Tarot of the Sephiroth by Josephine Mori and Jill Stockwell
Created by Dan Staroff -- Review by Valerie Sim Behi

If you'd like to purchase this deck, click here.

When I heard about this deck I got really excited.  Having been pre-plugged as a living connection between the Tarot and the timeless precepts of the Qabalah, I looked at it as a golden opportunity to shore up my personal 
metaphysical weak-point: the Qabalah.  I have worked with Tarot and astrology both for nearly thirty years, but Qabalah and its splendid Tree has always been something I meant to "look into tomorrow"...You know what happens with tomorrow, it never comes...

I had the honor to meet Isabel Radow Kliegman at a Tarot workshop of Mary Greer's and Rachel Pollack's last month.  I was enchanted with her and bought/read her book "Tarot and the Tree of Life".  That excellent book left me thirsting for more easily-assimilated-Qabalah.  It whetted my appetite.  I wanted more.  I had hoped with the "Tarot of the Sephiroth" to round out this education and continue on my path with Qabalistic studies.   I was very disappointed.

This deck has a lot of information, some of it excellent, but nowhere in the little-white-book (LWB) does it mention the specific Sephiroths by name.  Not once!  I kept looking for Chesed and Malkuth and Geburah... in vain.  They were nowhere to be found.  Help me!  I am a beginner!  I need reference points!  For a beginner to Qabalah, this is a Major (pun intended) faux pas.  We need path names, not just colored-coded circles.  If I were an expert at Qabalistic correspondences, this would probably not be necessary....but then neither would this deck...

And speaking of color-coded circles: the idea of a physical recreation via the cards of the Tree of Life as promoted in the LWB is intriguing, but the instructions for constructing it were very vague. I wanted to do this, but a nebulous reference to numbers 2, 3, 6 and 10 were not enough to pull it off...This card goes where????

And the most frustrating thing was this passage from the "Notes From the Artist": "Mythical and esoteric images and symbols are integrated with the spheres and paths and clarify the cards meaning.  Further knowledge of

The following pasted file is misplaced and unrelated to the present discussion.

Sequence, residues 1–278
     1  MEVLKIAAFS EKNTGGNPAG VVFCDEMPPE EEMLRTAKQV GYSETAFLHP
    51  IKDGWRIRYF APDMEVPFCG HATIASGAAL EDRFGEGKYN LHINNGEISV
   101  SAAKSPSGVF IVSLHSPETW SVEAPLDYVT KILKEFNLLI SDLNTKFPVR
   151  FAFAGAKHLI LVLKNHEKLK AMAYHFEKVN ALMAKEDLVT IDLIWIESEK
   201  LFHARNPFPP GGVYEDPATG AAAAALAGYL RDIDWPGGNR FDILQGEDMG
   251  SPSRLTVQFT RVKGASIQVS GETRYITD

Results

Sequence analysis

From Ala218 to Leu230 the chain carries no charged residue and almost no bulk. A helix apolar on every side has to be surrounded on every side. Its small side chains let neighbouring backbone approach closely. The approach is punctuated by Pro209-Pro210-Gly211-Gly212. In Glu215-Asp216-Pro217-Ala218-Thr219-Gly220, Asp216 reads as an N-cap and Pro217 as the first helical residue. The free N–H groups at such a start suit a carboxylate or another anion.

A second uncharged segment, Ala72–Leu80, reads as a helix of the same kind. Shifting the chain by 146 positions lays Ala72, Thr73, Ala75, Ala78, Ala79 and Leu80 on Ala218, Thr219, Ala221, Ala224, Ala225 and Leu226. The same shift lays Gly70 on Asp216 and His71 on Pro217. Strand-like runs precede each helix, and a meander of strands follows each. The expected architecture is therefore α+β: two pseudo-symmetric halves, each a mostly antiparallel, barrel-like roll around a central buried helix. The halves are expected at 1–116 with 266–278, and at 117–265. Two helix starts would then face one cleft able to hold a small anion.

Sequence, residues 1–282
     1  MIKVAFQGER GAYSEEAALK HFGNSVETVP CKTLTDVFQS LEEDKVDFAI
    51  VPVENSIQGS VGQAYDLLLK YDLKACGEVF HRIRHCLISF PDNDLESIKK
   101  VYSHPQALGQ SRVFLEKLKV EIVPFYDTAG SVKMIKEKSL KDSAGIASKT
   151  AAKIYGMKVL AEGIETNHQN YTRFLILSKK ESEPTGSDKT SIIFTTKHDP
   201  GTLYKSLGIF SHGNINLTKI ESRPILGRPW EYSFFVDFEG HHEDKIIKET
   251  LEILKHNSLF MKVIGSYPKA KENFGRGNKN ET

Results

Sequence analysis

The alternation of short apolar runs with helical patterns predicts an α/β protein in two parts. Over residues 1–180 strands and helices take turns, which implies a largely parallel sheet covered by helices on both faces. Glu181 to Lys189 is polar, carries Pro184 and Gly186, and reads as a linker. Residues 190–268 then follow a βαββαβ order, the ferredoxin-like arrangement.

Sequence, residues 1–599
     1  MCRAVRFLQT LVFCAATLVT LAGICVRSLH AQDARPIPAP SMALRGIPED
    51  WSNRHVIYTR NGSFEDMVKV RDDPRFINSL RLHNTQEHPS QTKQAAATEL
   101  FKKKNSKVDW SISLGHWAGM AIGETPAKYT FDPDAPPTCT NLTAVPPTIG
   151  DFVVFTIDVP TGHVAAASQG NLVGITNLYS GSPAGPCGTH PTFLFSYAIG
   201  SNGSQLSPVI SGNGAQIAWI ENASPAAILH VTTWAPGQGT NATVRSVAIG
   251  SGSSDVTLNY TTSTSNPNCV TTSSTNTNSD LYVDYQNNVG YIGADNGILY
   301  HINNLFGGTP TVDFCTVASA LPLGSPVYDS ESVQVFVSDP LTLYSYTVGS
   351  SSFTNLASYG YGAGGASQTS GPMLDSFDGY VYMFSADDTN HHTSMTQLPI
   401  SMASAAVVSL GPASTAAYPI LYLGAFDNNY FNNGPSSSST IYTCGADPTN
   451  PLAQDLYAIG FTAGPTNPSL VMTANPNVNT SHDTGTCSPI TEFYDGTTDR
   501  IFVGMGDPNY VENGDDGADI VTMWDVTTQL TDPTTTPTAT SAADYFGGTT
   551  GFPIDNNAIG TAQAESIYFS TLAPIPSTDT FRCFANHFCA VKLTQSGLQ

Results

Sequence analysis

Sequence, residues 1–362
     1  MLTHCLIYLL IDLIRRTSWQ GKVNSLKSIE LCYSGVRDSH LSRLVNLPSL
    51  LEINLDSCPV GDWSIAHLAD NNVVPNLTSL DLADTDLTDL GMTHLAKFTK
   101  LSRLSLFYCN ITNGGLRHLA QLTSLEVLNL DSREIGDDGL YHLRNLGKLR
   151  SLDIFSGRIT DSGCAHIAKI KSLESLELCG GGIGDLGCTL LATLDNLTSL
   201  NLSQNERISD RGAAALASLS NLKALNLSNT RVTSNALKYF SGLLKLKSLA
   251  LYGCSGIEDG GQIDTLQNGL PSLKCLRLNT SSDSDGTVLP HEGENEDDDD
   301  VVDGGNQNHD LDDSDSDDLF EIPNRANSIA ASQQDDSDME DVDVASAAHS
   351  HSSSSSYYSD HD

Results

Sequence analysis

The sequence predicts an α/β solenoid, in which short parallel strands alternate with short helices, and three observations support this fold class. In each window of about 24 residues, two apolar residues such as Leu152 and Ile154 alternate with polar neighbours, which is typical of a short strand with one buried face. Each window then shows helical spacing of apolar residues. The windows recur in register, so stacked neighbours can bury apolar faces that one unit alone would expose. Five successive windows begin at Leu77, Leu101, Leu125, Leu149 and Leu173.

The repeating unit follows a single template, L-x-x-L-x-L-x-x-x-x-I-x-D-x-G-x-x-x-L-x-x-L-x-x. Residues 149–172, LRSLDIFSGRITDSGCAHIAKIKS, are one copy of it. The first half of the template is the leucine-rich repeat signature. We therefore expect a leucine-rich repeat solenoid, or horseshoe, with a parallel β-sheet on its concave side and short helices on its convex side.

symbols and card associations may be gained through research and meditation."  Really?  And how so???  Care to give us a reference list for your research or a set of meditations? :::sigh:::

Okay... so I got beyond my *expectations*  Expectations are never fair, right?  I delved into the cards...

The art for this deck is well-executed. I can see that the artist had "training". But I hate it...Sorry!...How can that be?  There are many paintings that I can value the artistry of that I would not want hanging in my living room.  This is one of those paintings.  I can tell it is "technically good", but I just don't like it.  It feels cold and antiseptic. Don't ask me to explain; art is a subjective issue. The Courts (Queen of Wands, Princess of Cups) and most of the Majors (Empress, Temperance) are interesting, but I find the Thoth-like Minors downright ugly (3 of Swords, 5 of Disks). Where Lady Frieda Harris's minors are vibrant and evocative, these are "flat" and 
lifeless in comparison. Other than those afore-mentioned color-coded circles, I see nothing that is new, innovative, or earth-shaking, and the large circles are visually intrusive on the Court cards. (King of Disks)

Moving on to a few things that I DO like. The back design is simple, but 
attractive. It is a deep midnight blue covered with a sky full of small white stars. 
The "Evolutionary State" meanings given for the Majors are good. Here are a few examples:

The Magician - Possessing the tools to turn possibilities into realities: clarity, concentration, will and wisdom.

The Wheel of Fortune - Opportunity to take charge and make changes by awareness of cycles.

And I really liked this overlooked meaning:

The Devil - Having a sense of humor; being able to see the spiritual truth behind the facade of appearances.

A ray of hope is found at the very back of the LWB where we find this statement: Coming soon from US Games Systems, Inc., "Guide to the Tarot of the Sephiroth" unlocks the secrets of Tarot and Qabalah.... I am looking forward to this book. Perhaps it will explain what is lacking in the LWB that accompanies the deck. Perhaps paths will be illuminated that had not even been glimpsed in the skimpy booklet? These concepts show promise far greater than does the sterile artwork of the cards themselves.

See more cards from Tarot of the Sephiroth here.

Read another review of this deck here.

If you'd like to purchase this deck, click here.

If you would like to purchase the companion book for this deck, click here.

Tarot of the Sephiroth
Josephine Mori and Jill Stockwell, created by Dan Staroff
Publisher: US Games
ISBN #1-57281-251-6

Valerie Sim-Behi is the founder and moderator of Comparative Tarot, an email list devoted to studying cards of different decks  in comparison to each other.   She has worked with the tarot for over 30 years, recently attending a Blake Tarot Workshop with Ed Buryn.  Valerie created a spread that will appear in the book accompanying the Victoria-Regina Tarot by Sarah Ovenall, and has written various articles, including one on the Comparative Tarot method that will be published in Llewellyn's Tarot Calendar 2002.  You can visit Valerie at the Comparative Tarot website.

Review 2000 Valerie Sim-Behi
Page 2000 Diane Wilkes